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Formation of organic chloramines during water disinfection – chlorination versus chloramination
Wontae Leea,*, Paul Westerhoffb
HDR Engineering Inc., 3200 East Camelback Road, Suite 350, Phoenix, AZ 85018, USA Department of Civil and Environmental Engineering,Arizona State University, Tempe, AZ 85287-5306, USA
Article history: Received 10 October 2008 Received in revised form 4 February 2009 Accepted 9 February 2009 Published online 20 February 2009 Keywords: Organic chloramines Chlorination Chloramination Disinfection Organic nitrogen
Many of the available studies on formation of organic chloramines during chlorination orchloramination have involved model organic nitrogen compounds (e.g., amino acids), but not naturally occurring organic nitrogen in water. This study assessed organic chloramine formation during chlorination and chloramination of 16 natural organic matter (NOM) solutions and 16 surface waters which contained dissolved organic nitrogen (DON). Chlorination rapidly formed organic chloramines within 10min, whereas chloramination formed organic chloramination much more slowly, reaching the maximum concentration between 2 and 120 h after the addition of monochloramine into the solutions containing DON. The average organic chloramine formation upon addition of free chlorine and monochloramine into the NOM solutions were 0.78 mg-Cl2/mg-DON at 10 min and 0.16 mg-Cl2/mg-DON at 24 h, respectively.Organic chloramine formation upon chlorination and chloramination increased as the dissolved organic carbon/dissolved organic nitrogen (DOC/DON) ratio decreased (i.e., DON contents increased). Chlorination of molecular weight (10,000 Da) fractionated water showed that molecular weight of DON would not impact the amount of organic chloramines produced. Comparison of three different disinfectionschemes at water treatment plants (free chlorine, preformed monochloramine, and chlorine/ammonia additions) indicated organic chloramine formation could lead to a possible overestimation of disinfection capacity in many chloraminated water systems that add chlorine followed by an ammonia addition to form monochloramine. ª 2009 Elsevier Ltd. All rights reserved.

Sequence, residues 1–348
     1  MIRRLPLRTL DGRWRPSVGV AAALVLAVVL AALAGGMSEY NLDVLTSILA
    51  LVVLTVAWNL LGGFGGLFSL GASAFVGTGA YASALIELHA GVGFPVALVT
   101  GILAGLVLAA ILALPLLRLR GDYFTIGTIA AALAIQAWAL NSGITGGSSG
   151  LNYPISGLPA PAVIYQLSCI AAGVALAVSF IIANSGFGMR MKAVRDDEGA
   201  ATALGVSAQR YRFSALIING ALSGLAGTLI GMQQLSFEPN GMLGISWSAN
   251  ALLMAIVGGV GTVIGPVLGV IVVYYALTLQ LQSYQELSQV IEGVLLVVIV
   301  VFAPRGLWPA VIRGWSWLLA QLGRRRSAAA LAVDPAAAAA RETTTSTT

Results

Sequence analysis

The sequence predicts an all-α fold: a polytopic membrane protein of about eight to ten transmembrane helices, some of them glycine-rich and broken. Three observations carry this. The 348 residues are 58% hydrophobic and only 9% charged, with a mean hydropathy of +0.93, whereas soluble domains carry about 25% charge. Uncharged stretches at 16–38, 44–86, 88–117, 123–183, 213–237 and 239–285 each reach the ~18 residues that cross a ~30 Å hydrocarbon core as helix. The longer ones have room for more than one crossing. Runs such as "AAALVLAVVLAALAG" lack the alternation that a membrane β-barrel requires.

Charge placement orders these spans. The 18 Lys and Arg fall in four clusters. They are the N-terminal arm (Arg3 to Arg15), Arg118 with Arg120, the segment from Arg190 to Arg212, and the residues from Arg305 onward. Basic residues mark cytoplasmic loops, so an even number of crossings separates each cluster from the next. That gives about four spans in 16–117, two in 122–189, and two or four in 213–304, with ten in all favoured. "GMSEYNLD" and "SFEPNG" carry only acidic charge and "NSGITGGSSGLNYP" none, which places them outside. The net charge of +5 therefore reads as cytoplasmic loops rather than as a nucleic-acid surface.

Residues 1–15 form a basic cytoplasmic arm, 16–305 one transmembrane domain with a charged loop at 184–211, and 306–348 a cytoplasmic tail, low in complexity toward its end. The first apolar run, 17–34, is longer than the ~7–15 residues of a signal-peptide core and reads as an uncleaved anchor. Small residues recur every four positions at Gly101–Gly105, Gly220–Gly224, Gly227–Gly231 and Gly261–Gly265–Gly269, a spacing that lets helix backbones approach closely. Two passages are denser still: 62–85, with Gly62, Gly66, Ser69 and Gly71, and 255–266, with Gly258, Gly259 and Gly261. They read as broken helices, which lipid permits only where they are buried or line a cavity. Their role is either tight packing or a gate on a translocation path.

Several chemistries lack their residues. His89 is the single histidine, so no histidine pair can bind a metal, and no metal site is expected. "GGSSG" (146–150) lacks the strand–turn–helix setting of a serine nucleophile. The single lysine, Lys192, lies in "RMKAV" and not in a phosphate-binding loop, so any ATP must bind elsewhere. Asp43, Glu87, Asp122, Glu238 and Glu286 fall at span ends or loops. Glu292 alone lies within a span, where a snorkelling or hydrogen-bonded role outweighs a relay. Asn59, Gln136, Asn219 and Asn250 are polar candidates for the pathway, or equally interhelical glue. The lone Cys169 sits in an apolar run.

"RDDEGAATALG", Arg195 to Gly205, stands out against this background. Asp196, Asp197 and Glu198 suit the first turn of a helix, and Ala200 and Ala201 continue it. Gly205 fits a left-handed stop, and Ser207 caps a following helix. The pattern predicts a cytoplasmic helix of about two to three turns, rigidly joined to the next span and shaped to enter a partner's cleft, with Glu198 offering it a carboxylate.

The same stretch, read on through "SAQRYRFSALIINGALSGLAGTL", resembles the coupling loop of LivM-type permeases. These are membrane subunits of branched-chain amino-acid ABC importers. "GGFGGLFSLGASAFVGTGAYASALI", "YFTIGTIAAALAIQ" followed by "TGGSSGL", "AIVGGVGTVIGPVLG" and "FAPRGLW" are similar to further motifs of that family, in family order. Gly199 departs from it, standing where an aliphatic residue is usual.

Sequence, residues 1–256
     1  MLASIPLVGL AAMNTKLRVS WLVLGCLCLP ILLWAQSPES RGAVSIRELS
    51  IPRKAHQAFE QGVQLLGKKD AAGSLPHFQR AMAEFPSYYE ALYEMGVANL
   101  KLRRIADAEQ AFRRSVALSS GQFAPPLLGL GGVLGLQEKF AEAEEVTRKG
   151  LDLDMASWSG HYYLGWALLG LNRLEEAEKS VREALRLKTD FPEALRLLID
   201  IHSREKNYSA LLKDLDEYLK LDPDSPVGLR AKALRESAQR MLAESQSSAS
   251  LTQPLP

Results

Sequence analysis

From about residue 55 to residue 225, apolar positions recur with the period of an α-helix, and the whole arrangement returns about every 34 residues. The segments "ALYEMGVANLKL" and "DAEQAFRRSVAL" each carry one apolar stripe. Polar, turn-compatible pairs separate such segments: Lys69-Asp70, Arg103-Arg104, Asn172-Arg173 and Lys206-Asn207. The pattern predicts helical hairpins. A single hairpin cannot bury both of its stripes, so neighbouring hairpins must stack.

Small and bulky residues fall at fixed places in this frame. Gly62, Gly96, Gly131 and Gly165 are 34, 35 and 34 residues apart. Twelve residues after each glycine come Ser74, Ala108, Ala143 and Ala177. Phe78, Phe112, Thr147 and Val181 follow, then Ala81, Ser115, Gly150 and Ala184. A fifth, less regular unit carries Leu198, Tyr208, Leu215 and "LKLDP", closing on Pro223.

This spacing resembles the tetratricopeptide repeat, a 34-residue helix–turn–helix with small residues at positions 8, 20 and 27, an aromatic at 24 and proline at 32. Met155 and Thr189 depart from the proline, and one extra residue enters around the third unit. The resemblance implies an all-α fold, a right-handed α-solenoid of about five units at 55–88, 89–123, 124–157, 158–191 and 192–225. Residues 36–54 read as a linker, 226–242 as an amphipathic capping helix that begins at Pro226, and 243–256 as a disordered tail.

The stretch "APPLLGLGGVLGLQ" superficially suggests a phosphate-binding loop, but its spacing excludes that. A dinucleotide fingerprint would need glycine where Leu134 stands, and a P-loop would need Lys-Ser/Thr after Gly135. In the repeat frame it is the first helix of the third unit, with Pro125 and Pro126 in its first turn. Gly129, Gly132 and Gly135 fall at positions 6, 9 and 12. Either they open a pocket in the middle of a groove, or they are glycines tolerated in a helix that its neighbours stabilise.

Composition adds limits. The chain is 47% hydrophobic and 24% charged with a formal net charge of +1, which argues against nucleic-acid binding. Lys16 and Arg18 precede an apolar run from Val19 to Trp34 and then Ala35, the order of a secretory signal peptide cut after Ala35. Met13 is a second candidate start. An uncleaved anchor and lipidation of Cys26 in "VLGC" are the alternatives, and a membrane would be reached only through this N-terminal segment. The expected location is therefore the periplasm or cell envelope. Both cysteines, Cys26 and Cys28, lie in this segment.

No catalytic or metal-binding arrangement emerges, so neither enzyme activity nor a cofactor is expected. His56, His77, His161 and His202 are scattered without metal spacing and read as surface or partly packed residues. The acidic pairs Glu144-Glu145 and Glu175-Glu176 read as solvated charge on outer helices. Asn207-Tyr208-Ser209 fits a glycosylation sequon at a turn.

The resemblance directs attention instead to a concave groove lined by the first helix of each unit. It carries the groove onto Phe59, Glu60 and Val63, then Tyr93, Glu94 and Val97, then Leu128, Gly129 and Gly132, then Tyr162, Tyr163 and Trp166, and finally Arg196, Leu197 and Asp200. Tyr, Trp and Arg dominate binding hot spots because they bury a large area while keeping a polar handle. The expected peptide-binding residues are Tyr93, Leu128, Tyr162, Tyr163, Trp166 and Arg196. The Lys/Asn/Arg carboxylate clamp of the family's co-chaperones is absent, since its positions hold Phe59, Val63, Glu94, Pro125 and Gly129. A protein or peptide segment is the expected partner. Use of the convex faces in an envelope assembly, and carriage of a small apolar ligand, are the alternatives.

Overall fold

Chlorine andchloramines are the most widely used disinfectants in water treatment plants and distribution systems because they are effective, relatively inexpensive, and remain active within the systems for a considerable length of time. Dissolved organic nitrogen (DON) can react with free chlorine (Calvert, 1940; Morris, 1967) or inorganic chloramines (Snyder and Margerum, 1982; Isaac and Morris, 1983) to formorganic chloramines, which have little or no bactericidal activity (Feng, 1966; Wolfe et al., 1985). Therefore, understanding the
distribution of chlorine between free chlorine, inorganic chloramines, and organic chloramines is important for adequate disinfection of pathogens during water treatment and prevention of microbial regrowth in the water distribution systems. With large numbers ofwater utilities in the U.S. switching from free chlorine to chloramines in order to comply with the Stage 2 Disinfectants and Disinfection Byproduct Rule, a better understanding of organic chloramine formation is critical to proper management of these disinfection systems. The general nature of the reactions between DON and free chlorine (HOCl) or monochloramine (NH2Cl, dominant (>95%)
*Corresponding author. Tel.: þ1 602 522 7700; fax: þ1 602 522 7707. E-mail address: email@example.com (W. Lee). 0043-1354/$ – see front matter ª 2009 Elsevier Ltd. All rights reserved. doi:10.1016/j.watres.2009.02.009
water research 43 (2009) 2233–2239
inorganic chloramine species at typical water treatment conditions pH 7–9) is represented by Eqs. (1) and (2), respec-
R1 H2NC–R2 +...